The hotel was a haunt of World War I pilots, including French officers on deployment to the U.S. who were helping set up the fledgling Army Air Corps. This association, together with speeches about Franco-American friendship at a 1919 Aero Club of America dinner to honor Eddie Rickenbacker, persuaded Orteig to offer a prize of “$25,000 to the first aviator of any Allied Country crossing the Atlantic in one flight, from Paris to New York or New York to Paris.” This was of course won by Charles Lindbergh, who completed the first transatlantic flight, solo, in May 1927.
Seven decades later, Diamandis read Lindbergh's book about his pioneering flight The Spirit of St. Louis, and used the Orteig concept as a model for an X Prize focused on access to space. The prize was just what the nascent market needed to spark it into life, says Richard Branson, founder of Virgin Galactic, the world's first “spaceline” designed to carry tourists to sub-orbit. Based on a growth version of the carrier aircraft and launch vehicle concept developed by Scaled Composites, the Virgin Galactic business model has expanded to include science missions and satellite launches.
“The Ansari X Prize was critical because it identified some truly world-class talent and proved to me and to our future astronauts that this goal of privately sending people to space was actually possible,” says Branson. “Of course, we'd been wanting to start a spaceline since long before the X Prize was announced; we even registered the name Virgin Galactic well before I knew about SpaceShipOne. But a name and idea don't mean much at all unless the technology is there to back it up, and in speaking to all of the 'usual suspects' in the space industry, we'd found no one who could deliver a safe but wonderful experience at the price we thought the market would bear. The X Prize fixed that for us: All of a sudden, here were 26 teams trying to solve that specific problem, and we could observe and simply pick out the best one.”
Although not necessarily an answer to every conundrum, the idea of a competition can sometimes be useful to opening other doors, says Branson. “Prizes don't work in every case, but when they do work, they are extremely effective. As an entrepreneur, I can absolutely understand why these challenges are so powerful,” he says. “They call to innovators and inventors, and force them to tackle an interesting problem quickly and efficiently. We tend to keep an eye on the progression of these prizes. Even when we don't compete directly, they are great ways to identify new talent and new ideas.”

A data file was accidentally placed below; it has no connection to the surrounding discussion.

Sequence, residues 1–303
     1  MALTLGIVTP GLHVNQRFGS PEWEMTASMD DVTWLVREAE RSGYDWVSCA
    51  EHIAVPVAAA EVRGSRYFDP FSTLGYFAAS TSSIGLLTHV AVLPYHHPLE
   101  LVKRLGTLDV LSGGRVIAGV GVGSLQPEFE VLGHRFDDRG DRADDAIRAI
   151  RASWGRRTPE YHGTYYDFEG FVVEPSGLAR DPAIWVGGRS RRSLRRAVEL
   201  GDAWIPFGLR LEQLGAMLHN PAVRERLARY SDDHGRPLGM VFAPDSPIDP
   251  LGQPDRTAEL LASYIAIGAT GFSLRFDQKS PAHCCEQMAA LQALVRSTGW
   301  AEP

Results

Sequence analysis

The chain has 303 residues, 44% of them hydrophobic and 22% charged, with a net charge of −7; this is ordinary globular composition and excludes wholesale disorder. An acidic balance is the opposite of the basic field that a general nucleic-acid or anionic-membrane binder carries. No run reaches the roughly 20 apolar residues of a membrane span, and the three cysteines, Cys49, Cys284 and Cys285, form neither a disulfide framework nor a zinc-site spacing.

David Masten, founder and chief technology officer of Masten Space Systems, recalls that he was “at the airport to watch the original X Prize attempt in June 2004.” However, the Mojave-based company's big break came with a follow-on competition—the Northrop Grumman Lunar Lander Challenge, a NASA Centennial Challenges program conducted by the X Prize Foundation.
“That was pretty much how our company got into this world,” says Masten. “We'd been around for four-and-a-half years, working quietly in the background and, all of a sudden, NASA knew who we were.” The company, which is developing reusable vertical-takeoff-and-landing rocket launch vehicles, was a contest winner along with competitor Armadillo Aerospace. “I had difficulty before that getting people to return my calls and, after winning that, I sometimes had difficulty getting work done between calls!”
Masten engineer Travis O'Neal says he, like many working today in the “new space” industry, was inspired by the original X Prize. “I was getting out of the military at the time and I didn't know what to do. The whole X Prize happened and made me realize that commercial space was possible, and that is the next frontier. So I went to school to do aerospace engineering—I didn't even know Masten existed at that time.”
Masten cautions, however, that the “prize” concept is not necessarily a panacea. “I think prizes, as long as they are done well, are very good for the industry. The difficulty is getting the prize amount to the right level to suit the challenges you are trying to overcome. For instance, with the amounts set by NASA for the Centennial Challenge we said it wasn't worth it.”
XCOR President Jeff Greason also agrees that X Prizes can have a significant impact but, so far as commercial space development is concerned, he says the Ansari X Prize event was “useful, but I don't think it was pivotal.” The prize was most useful in raising space awareness, he says. “There have been few events that have acted to change public perception of what space is, and what can be done there. The X Prize has helped make suborbital spaceflight a household word again. I used to have to explain it all the time. It helped popularize the notion that companies will be selling tickets.”